Dynamic Documents no longer being highlighted here quite so prominently. That's a relief. I don't think that's going to be the way internet movies develop. But perhaps that's the idea which sparked Divx? Client Pull also not being advertised, but evidently still the technology of choice. At least someone's using the META tag for something!

Fish: This is what the Fishcam is about, right? There are now two cameras. One of them is still showing murky nothing. The right half of the picture is just black, the left half is black which has been slightly image-processed. The other camera is displaying what appears to be an extreme blowup of the small font text "Not enough light. Please try again later." and a timestamp. No fish. Bummer.

Static fish: There's a still photo of the tank on the main page, though. You can see a lot of coral, and some shapes which might be fish. They're hard to make out though, which is another bummer.

Animated fish: There's an Amazing DHTML Fish Tank, purporting to show animated fish swimming in a bluish rectangle with immobile kitschy bubbles. It says they can do normal swimming and synchronised swimming. It doesn't work for me. I just see one fish floating outside the "tank", at the top left corner. Bummer again.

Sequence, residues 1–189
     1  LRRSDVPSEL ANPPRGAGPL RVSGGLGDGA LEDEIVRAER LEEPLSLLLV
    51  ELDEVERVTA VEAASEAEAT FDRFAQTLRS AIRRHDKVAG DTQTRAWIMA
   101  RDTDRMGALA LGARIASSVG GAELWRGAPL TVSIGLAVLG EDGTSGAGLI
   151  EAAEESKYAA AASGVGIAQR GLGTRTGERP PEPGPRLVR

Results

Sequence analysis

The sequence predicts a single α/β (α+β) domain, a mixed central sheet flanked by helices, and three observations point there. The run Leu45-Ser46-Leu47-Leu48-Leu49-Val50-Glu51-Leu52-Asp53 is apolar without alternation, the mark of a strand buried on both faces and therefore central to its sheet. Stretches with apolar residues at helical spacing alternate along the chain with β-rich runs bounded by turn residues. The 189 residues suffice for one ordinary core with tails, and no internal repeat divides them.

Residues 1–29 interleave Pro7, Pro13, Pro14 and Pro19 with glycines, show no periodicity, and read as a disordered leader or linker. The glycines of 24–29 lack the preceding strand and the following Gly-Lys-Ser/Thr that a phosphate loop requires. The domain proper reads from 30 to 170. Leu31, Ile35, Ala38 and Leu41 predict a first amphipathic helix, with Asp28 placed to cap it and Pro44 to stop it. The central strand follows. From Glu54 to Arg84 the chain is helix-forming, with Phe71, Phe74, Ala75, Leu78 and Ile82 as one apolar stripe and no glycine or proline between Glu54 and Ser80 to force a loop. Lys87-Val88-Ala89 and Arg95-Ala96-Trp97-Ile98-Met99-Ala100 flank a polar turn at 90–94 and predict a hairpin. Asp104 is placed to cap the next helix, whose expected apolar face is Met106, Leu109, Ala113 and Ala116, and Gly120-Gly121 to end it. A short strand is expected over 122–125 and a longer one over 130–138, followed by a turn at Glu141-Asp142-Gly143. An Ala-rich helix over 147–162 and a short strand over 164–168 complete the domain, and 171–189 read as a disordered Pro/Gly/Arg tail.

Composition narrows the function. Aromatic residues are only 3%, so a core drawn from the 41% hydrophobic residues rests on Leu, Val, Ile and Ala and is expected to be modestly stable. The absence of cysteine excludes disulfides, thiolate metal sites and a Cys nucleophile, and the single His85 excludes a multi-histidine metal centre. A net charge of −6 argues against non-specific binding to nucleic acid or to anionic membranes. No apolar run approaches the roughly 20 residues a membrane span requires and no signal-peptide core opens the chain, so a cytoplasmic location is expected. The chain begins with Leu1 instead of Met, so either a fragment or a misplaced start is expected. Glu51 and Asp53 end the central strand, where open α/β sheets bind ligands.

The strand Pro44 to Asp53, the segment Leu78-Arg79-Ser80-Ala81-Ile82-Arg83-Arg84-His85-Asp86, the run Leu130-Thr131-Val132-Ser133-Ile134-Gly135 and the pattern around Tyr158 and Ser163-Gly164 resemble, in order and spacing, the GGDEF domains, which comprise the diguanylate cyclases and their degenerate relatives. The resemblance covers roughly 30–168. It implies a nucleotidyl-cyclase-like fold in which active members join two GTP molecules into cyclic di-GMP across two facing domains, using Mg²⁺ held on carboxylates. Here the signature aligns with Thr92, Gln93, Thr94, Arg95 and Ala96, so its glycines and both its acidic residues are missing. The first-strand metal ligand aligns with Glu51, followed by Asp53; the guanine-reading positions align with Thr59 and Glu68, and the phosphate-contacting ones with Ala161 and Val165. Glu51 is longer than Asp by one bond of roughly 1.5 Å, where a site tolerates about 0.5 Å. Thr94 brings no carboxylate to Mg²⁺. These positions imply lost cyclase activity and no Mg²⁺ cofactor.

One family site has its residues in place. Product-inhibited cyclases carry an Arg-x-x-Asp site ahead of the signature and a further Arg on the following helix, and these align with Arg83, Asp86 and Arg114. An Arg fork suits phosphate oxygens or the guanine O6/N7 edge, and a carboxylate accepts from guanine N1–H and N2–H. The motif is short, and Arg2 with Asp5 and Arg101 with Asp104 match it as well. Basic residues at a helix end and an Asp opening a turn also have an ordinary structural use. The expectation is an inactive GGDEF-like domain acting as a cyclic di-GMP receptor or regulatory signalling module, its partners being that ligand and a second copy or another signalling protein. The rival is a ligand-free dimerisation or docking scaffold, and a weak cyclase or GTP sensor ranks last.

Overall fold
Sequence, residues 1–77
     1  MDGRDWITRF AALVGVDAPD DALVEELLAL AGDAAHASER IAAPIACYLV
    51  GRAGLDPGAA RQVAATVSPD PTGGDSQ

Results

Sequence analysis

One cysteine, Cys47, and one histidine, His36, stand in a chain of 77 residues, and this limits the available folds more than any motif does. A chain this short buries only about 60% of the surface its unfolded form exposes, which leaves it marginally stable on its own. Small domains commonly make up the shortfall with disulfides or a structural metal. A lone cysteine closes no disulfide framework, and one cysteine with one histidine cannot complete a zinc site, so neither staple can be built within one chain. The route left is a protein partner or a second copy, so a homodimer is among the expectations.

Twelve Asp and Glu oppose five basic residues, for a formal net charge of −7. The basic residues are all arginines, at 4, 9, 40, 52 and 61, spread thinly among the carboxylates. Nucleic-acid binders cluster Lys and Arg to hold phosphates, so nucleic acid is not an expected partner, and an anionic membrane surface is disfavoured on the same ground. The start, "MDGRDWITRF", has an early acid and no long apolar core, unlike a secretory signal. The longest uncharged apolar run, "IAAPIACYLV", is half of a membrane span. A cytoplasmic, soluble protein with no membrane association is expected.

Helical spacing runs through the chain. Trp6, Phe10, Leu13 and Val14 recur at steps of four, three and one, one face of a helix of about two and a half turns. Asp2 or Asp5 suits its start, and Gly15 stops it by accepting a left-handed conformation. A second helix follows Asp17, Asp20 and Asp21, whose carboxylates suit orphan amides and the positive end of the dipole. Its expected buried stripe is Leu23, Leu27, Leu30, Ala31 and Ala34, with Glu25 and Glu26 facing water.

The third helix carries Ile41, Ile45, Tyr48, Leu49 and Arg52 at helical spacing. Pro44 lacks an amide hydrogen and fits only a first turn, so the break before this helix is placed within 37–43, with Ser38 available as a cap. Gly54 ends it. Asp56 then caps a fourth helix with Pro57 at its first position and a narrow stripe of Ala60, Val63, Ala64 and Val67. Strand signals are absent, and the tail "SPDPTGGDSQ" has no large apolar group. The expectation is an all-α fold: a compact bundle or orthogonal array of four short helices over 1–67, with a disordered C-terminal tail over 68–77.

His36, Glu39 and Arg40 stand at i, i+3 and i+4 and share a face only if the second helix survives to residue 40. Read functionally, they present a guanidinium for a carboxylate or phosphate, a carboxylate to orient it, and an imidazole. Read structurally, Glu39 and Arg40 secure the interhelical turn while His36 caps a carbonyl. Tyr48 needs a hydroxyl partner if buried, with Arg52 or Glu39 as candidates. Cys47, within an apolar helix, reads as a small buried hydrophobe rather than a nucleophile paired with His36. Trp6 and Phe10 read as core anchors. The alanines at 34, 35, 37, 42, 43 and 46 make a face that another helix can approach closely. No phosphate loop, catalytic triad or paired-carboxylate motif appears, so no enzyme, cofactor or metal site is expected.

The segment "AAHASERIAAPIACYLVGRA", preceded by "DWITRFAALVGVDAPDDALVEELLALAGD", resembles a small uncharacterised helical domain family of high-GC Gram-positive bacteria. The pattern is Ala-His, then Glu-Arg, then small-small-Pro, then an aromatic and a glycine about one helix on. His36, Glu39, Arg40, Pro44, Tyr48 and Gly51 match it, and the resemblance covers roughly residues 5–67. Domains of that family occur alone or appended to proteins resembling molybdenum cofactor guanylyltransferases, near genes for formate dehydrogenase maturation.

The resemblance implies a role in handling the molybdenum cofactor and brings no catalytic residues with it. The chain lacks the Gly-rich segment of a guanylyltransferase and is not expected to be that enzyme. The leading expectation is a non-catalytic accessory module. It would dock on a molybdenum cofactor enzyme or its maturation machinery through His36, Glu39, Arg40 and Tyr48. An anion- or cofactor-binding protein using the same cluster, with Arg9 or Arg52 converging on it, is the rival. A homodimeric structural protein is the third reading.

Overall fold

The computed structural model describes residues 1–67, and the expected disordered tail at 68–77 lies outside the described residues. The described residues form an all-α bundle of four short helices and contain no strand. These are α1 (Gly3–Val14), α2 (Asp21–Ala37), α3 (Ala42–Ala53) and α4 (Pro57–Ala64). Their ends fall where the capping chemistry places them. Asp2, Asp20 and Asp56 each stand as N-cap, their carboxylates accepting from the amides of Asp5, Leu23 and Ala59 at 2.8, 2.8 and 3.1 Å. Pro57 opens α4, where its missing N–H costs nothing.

Non-fish: there's still a lot about the fishcam. There's more, in fact. There's a quote from the Economist, saying this is maybe the best thing ever on the Internet (not even second best after E2). Also, it says it's the second-oldest webcam (like, wow), and the most-visited one (yeah right, the spam I get is all about Hot Nude Fish on Live Camera Now). Then there's all the technical crap on the cameras they use (hello! I can't see anything!), the server, the fishtank, the filtration system, and the final spoiler, the easter egg. It says ctrl-alt-F will work on Mozilla, too, but it didn't do anything for me. What a bummer.

Come on, Netscape, this isn't the slick M$ Internet Exploder portal. Where are the fish? And why is this wonder of HTML "currently in the keeping of the Javascript team?"


Update! Vital new info July 9 2005

After disappearing suddenly from our lives (see lj's touching obituary below), I am glad (?) to announce that the Netscape Fishcam lives on, not only in our hearts and minds. If they keep up this level of excitement, I'll find myself running the NSFC blog.